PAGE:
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Next Alexander undertook a campaign against the Sydracae1 and the people known as Mallians, populous and warlike tribes. He found them mobilized in force, eighty thousand infantry, ten thousand cavalry, and seven hundred chariots. Before the arrival of Alexander they had been at war with each other; but as he approached, they patched up their quarrel and made peace, giving and receiving ten thousand young women to establish a friendly relationship through marriage.2 [2] Even so they did not come out to fight together but fell into a dispute over the command and retired into the neighbouring cities.

Alexander neared the first city and thought to take it by storm, but one of the seers, named [3] Demophon3 came to him and reported that there had been revealed to him by numerous portents a great danger which would come to the king from a wound in the course of the operation. He begged Alexander to leave that city alone for the present and to turn his mind to other activities. [4] The king scolded him for dampening the enthusiasm of the soldiers, and then, disposing his army for the attack, led the way in person to the city, eager to reduce it by force. The engines of war were slow to come up, but he broke open a postern gate and was the first to burst into the city.4 He struck down many defenders and, driving the others before him, pursued them to the citadel. [5]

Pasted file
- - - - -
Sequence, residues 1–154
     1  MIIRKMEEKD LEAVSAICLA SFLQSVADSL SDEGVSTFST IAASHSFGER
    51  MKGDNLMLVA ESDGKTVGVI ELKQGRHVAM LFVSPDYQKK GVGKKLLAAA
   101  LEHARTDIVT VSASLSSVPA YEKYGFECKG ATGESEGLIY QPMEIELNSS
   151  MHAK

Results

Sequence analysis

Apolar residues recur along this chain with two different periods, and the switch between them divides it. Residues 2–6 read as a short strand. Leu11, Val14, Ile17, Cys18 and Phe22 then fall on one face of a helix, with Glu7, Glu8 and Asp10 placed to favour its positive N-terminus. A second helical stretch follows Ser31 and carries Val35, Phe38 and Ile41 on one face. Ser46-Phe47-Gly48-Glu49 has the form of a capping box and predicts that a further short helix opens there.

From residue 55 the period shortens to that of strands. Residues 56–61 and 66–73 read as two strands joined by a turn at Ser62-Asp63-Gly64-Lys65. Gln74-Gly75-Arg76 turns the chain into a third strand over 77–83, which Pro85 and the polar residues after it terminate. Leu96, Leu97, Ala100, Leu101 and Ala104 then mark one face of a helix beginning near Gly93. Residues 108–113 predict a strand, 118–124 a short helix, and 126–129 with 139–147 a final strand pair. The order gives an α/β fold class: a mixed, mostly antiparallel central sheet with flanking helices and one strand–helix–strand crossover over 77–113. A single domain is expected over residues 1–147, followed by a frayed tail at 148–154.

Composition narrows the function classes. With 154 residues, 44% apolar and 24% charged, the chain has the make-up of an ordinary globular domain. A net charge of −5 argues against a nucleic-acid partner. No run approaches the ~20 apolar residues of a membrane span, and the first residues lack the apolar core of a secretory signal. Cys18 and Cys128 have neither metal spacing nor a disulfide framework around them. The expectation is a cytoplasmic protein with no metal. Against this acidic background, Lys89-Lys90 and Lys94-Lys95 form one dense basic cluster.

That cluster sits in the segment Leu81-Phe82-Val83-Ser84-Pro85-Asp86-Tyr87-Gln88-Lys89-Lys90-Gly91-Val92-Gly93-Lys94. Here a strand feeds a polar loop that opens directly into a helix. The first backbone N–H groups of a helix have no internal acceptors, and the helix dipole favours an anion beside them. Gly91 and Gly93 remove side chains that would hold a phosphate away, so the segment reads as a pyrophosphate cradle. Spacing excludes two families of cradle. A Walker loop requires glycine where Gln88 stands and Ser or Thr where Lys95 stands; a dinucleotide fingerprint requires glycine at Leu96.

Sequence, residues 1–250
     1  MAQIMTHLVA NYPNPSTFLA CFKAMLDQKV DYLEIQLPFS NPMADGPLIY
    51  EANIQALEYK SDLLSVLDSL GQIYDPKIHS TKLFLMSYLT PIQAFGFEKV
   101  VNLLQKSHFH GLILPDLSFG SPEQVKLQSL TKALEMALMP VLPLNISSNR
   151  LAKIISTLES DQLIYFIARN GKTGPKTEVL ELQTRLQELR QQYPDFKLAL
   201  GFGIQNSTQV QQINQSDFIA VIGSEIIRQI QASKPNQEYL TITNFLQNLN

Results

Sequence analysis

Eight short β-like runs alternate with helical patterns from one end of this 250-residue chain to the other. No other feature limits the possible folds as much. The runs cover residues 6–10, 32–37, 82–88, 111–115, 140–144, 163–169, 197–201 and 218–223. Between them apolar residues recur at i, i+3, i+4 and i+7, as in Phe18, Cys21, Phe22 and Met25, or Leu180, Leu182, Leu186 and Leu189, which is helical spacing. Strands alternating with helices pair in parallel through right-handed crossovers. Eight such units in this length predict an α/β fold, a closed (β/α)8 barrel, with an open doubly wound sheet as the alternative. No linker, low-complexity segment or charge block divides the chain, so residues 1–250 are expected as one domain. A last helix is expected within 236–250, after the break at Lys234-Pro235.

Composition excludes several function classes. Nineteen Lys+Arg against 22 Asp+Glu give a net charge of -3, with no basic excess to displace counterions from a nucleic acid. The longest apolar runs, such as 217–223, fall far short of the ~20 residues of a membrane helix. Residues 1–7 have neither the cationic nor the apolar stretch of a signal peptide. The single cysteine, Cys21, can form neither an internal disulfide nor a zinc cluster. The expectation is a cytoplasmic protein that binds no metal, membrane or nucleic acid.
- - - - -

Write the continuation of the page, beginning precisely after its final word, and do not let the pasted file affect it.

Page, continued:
The Macedonians were still busy fighting along the wall. Alexander seized a ladder, leaned it against the walls of the citadel, and clambered up holding a light shield above his head. So quick was he to act that he reached the top of the wall before the defenders could forestall him. [6] The Indians did not dare to come within his reach, but flung javelins and shot arrows at him from a distance. He was staggering under the weight of their blows when the Macedonians raised two ladders and swarmed up in a mass, but both broke and the soldiers tumbled back upon the ground.

1 This name appears variously as "Sydracae" (Strabo 15.1.8), "Sudracae" (Curtius 9.4.15), "Sugambri" (Justin 12.9.3), and "Oxydracae" (Arrian. 6.4.3). Their strength is given by Curtius as 90,000 infantry, 10,000 cavalry, and 900 chariots; by Justin as 80,000 infantry and 60,000 cavalry. The ethnic Sydracae recalls the name of the Hindu warrior caste, the Kshatriyas (so L. A. Post).

2 Curtius 9.4.15.

3 Curtius 9.4.27-29.

4 Curtius 9.4.30-5.20; Justin 12.9.5-13; Plut. Alexander 63; Arrian. 6.9.1-11.8.

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  • Cross-references in notes from this page (7):
    • Strabo, Geography, 15.1.8
    • Plutarch, Alexander, 63
    • Arrian, Anabasis, 6.4.3
    • Arrian, Anabasis, 6.9.1
    • Curtius, Historiarum Alexandri Magni, 9.4.15
    • Curtius, Historiarum Alexandri Magni, 9.4.27
    • Curtius, Historiarum Alexandri Magni, 9.4.30
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